It wasn’t until I went to the breast clinic at the hospital that I thought I might have breast cancer – something I detected from the doctor’s demeanour. When I went back to see the consultant for my test results and was told I did have breast cancer, it wasn’t a total shock, but still very upsetting.
In hindsight, I wish I’d gone to the doctor’s quicker. The more awareness we raise about male breast cancer, hopefully more men will be encouraged to go to their GP, as soon as they find something unusual. Early detection is so important.”

Andy (Stage four breast cancer, which had spread to lymph nodes)
“I’d been experiencing a stabbing pain in my left nipple for months but ignored it – it was my wife Michelle who forced me to go to the doctor.
The speed with which the GP referred me to the breast clinic at the Royal Berkshire Hospital was my first inkling that something was wrong. I was aware at the time that men could get breast cancer – I knew it existed, but I didn’t know what to check for. I had no lump which I could feel – so at the time, I ruled it out. I thought there always had to be a lump.
When I got my diagnosis - it’s like the cliché́ - you never expect it to be you.”

Amrik (Diagnosed with a 2.5 cm tumour, in the early stages of breast cancer)
“My girlfriend Shirelle had pointed out a lump on my chest, I was able to feel it myself, but I decided it was probably nothing to worry about.
Shirelle wasn’t happy to just forget about it. Undeterred, she wasted no time in booking a doctor’s appointment for me. Despite my objections to going, I eventually relented.
A short consultation and check-over later, the doctor had come to a similar conclusion as me. He told me he was 90% sure that there were no problems and that the lump would simply be a cyst, but sent me for a mammogram, ultrasound and biopsy.
I was 100% not expecting the result I received one week later, I nearly fainted!”

Dave (15 mm tumour in left breast. Diagnosed with Grade 2, ER Positive, Her2 negative carcinoma)
“My wife Kalaya and I were in Thailand checking out hotels for our daughter’s wedding. I spent a lot of time driving around and found that the car seat belt was rubbing on my chest and making it sore. I found a small lump next to my left nipple and we assumed that it was probably a blocked cyst.
On my return to the UK, both my GP and the consultant at Poole General Hospital thought it was a cyst too, but arranged for me to have a minor operation to remove it. I was wheeled out of the theatre and the surgeon told me she had found a small tumour and had just sewn me back up again.
Surprised is an understatement. I didn’t have a clue that men could get breast cancer and it hadn’t even been mentioned to me at all as being a possibility before this point.
I had been treated for minor skin cancers for years, so I wasn’t frightened by the concept of having cancer – it was breast cancer that scrambled my mind, how could I have it?”

Bryan (Diagnosed with a grade 2, 3cm invasive ductal carcinoma in right breast, with malignant tissue in the lymph nodes)
“I noticed a lump in my right breast when I was showering. I wasn’t checking myself, I didn’t even know men were supposed to check their chest area. I wasn’t naive enough to think men couldn’t get breast cancer, but it wasn’t something you heard much about.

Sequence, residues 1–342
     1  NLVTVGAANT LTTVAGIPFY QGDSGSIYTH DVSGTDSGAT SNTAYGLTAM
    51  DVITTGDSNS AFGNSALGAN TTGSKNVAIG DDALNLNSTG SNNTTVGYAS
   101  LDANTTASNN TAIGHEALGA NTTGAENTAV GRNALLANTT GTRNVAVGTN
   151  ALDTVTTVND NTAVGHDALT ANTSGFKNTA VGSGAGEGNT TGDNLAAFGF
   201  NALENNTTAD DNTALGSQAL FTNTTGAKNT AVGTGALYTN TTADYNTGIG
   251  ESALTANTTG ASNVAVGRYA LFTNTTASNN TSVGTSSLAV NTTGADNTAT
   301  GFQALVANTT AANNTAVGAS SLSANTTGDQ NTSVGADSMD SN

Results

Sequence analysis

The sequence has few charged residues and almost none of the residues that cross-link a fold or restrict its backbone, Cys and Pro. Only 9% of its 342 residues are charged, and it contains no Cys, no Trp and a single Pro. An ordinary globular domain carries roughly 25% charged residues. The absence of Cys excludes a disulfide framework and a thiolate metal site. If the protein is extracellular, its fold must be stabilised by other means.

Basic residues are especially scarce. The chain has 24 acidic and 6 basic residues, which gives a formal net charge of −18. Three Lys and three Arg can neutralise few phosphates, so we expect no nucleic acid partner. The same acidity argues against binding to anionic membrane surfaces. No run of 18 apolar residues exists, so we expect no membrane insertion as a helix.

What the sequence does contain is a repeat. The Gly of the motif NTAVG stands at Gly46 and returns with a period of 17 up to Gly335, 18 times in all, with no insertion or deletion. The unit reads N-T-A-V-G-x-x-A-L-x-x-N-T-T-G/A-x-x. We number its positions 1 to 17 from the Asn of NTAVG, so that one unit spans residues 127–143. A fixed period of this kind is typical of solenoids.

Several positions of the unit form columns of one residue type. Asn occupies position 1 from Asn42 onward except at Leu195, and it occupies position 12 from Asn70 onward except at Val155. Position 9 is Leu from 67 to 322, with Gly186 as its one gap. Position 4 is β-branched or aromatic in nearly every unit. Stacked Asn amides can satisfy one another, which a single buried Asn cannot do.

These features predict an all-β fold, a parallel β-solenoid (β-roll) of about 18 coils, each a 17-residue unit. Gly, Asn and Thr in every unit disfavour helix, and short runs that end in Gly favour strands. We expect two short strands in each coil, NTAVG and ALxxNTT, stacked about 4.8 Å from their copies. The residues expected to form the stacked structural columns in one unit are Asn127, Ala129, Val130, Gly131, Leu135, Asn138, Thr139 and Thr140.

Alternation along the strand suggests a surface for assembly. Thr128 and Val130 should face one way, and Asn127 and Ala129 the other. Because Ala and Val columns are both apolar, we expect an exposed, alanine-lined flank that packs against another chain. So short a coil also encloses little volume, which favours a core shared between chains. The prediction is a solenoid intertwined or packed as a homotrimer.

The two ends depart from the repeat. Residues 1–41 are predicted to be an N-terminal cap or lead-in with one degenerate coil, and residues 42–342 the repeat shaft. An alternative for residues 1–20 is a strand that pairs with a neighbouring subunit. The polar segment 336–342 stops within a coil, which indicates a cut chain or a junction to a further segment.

I made an appointment with my GP straight away, who checked the lump and the area around it, and referred me to the breast clinic. The consultant I saw had a prod around the lump area, told me it was fatty tissue and that there was nothing to worry about.
12-14 months later, I noticed the lump was getting bigger, the nipple became inverted, and I started to get discharge from it and it also became painful to touch.
I went back to my GP who quickly referred me back to the breast clinic. Within 10 minutes of my breast clinic appointment, I was going for a biopsy and a mammogram, and I was told it was likely to be breast cancer. It was.
It was very surreal and a bit of a whirlwind. I think my first reaction was relief at being told the cancer was treatable.”

Dave (Had a lump the size of a golf ball – diagnosed with hormone receptive breast cancer)
“I found a lump between my nipple and armpit, it wasn’t sore and it wasn’t hard, I just thought it was a boil. I didn’t tell anyone about the lump – not even my partner.
I wasn’t aware that men should check their breasts, but I was acutely aware that if your body changes, you shouldn’t leave it.
I went to see my GP, who checked the area and said it was quite common for men to get fatty deposits, but she referred me to a specialist. It was at this point that I told my partner about the lump.
When I saw the consultant he took a biopsy there and then, and it went straight to the lab as a matter of urgency.
I wasn’t shocked to hear I had cancer, but my first instinct was ‘how long have I got? Is it going to kill me?’ I defy anybody who receives a cancer diagnosis not to be a bit scared.”

Richard (Diagnosed with an 8mm ductal carcinoma)
“Initially, when I was getting irritation in the area around my nipple, I thought I had jogger’s nipple. Then, in the shower, I noticed a lump just below my left nipple - something to be more concerned about.
A week or so later at the doctors. I was told it was probably a cyst, and to come back in a couple of weeks if it was still there.
I waited five weeks before going back for a follow-up as I felt there was a lack of urgency. I was referred to the breast clinic for a biopsy.
I didn’t even know that men could get breast cancer, mainly because I’d just never had to think about it. When I was diagnosed, I must admit I thought “why me? what’s wrong with me?”

David (Diagnosed with breast cancer, which has spread to his lungs)
“I’m a vet and found a tiny lump smaller than a pea under my right nipple after I got crushed and bruised by a cow. I gave it a couple of weeks to go away – then went to the GP.